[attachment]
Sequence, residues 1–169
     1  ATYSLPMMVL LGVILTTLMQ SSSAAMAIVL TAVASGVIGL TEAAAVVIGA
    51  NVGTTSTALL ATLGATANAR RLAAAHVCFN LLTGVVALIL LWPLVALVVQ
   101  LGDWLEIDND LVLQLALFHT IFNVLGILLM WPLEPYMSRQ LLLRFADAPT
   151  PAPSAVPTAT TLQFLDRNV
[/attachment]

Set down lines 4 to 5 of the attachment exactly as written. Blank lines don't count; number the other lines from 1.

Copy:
   101  LGDWLEIDND LVLQLALFHT IFNVLGILLM WPLEPYMSRQ LLLRFADAPT
   151  PAPSAVPTAT TLQFLDRNV